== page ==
Sunday, 22 January 2012

Empty cages, big plans

Now in its 151st year, the zoo at Jijamata Udyan in Byculla needs revitalisation

As you enter Jijamata Udyan, popularly known as Byculla Zoo, the signs of ageing are clearly visible. Empty cages welcome you and it is clear that Mumbai’s lone zoo, now set for its 150th anniversary celebrations, awaits a much-needed makeover from the Brihanmumbai Municipal Corporation (BMC).

Empty enclosures, dry grass and boards of non-existent animals await visitors during their trip to the zoological garden. With an entry ticket of Rs 5, it is an abode for young couples. The cat family is absent, with the exception of one lioness, whom the crowd screams at and teases. Snakes have been shifted, temporarily, to an animal shelter nearby, as the reptile section is being renovated. There is one female Himalayan black bear.  

The animals that were earlier in the zoo but have either died or have been shifted — like tigers, snakes and lions — will be the first to be added in the next couple of years. Officials admit that the zoo has suffered due to the modernisation plan being on the anvil, but not put into effect, for 10 years. “We cannot bring in any new animals as the plans are being worked out for renovation of the zoo. Several animals have passed away and some are in their last stages,” says an official associated with the zoo development. The condition of the zoo has suffered because of the delay in implementation, as there have been several revisions in the layout, adds the official.

According to zoo officials, however, all is not lost. They remain optimistic about its future. "This will be one of the most beautiful zoological gardens in India in some years. We plan to start work to modernise the area from 2013. Animals like the zebra, leopard, civet cat, jaguar and Indian bison will hopefully be brought in,” adds a zoo official. The ambitious authorities also plan to add penguins to their list of species on display.

Animal rights activists are, however, not happy with how things are at the zoo. Members of the NGO People for the Ethical Treatment of Animals (PETA) has visited the zoo on many occasions. In November 2003, PETA India staffers and the then Deputy Mayor of Mumbai, Rajesh Sharma, took a round of the zoo along with officials. Sharma had requested the officials to ensure that immediate steps were taken to improve the living conditions of the animals, according to PETA.
In August 2004, after trying to work with the zoo authorities for almost a year, PETA India prepared a comprehensive report on the zoo and submitted it to the authorities.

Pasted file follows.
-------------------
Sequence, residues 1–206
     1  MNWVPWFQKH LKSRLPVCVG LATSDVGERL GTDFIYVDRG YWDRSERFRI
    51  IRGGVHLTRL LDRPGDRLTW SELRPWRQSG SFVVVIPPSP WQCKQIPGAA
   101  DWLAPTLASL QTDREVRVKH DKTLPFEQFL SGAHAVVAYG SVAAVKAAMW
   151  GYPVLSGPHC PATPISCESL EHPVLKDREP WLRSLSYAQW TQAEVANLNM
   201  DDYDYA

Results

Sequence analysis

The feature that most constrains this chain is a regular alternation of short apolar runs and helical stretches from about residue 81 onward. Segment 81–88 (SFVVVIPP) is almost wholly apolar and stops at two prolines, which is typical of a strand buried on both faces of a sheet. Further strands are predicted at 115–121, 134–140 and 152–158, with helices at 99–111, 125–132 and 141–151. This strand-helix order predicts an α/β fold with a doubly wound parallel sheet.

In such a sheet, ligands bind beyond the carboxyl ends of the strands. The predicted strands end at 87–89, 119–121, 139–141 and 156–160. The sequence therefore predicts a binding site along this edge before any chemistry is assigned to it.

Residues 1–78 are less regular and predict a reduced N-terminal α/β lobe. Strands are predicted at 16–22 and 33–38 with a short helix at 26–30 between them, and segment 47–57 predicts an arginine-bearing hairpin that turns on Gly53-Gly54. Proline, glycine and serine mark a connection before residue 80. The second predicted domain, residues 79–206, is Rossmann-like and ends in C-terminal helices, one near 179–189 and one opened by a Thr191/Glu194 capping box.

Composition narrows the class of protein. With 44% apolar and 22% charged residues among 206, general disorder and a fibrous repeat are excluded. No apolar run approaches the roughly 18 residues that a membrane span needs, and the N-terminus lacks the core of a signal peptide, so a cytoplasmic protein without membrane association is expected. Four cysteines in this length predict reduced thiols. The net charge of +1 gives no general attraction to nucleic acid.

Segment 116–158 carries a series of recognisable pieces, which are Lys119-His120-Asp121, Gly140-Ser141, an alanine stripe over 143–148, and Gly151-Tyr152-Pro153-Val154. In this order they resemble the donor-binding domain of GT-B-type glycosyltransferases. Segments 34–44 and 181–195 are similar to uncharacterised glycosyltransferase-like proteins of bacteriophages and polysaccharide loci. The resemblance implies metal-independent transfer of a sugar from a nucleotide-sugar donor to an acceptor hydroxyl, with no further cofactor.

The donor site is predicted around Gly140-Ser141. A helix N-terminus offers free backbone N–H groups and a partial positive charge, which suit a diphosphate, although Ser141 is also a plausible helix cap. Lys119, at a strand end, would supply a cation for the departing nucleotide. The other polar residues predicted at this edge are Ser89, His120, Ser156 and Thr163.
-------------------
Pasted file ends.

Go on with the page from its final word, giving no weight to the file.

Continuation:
“One of the immediate outcomes of this report was that the Mumbai Zoo did not get the necessary recognition from the Central Zoo Authority (CZA) under the Zoo Rules of 1992 at that time,” says Poorva Joshipura, PETA India’s Chief Functionary. This, according to PETA, clearly reflected the fact that the zoo’s conditions were not up to the mark.

PETA officials further add that the CZA has banned elephants from being kept in zoos because zoos are wholly inadequate environments for elephants. PETA appealed to the Byculla zoo to release its own elephants to a sanctuary where they can live as elephants were meant to live. “The zoo has yet to move its elephants, despite the CZA order. A person was killed when he entered the elephant enclosure,” says Manilal Valliyate, PETA’s Director of Veterinary Affairs. Valliyate adds that keeping a few penguins at the Byculla zoo in the hope that they will draw a crowd will do nothing to help protect the species.

As for the 150th-year celebration, the anniversary actually fell in 2011. Insiders say that that the celebrations were delayed by inadequate funds, but some officials claim that celebrations did, in fact, begin last year. “As part of the celebrations, special nature trails had already begun in 2011,” says a senior zoo official. The official programme list, however is awaited.

Zoo officials add that nature trails and activities designed to create awareness about environmental issues will be part of the anniversary celebrations, expected to go on till the end of 2012. BMC will organise these events, which will officially commence in February.

Despite all these issues, there has been no drastic decline in the number of visitors to the zoo. The atmosphere and greenery attract an estimated 5,000 visitors every day. The zoo received 1.6 million visitors in 2011-12. “The zoo may not have too many animals, but I still frequent the place because of the peaceful surroundings and colourful flora. It is one of the best places to relax in Mumbai, since it is affordable,” says Harish Gupta, an octogenarian who visits the place at least thrice a week.

As Byculla Zoo prepares itself for a makeover, officials are hoping that it does not fall prey to further bureaucratic delays. Jijamata Udyan is a landmark of Mumbai and particularly of Byculla, and the zoo deserves much better.

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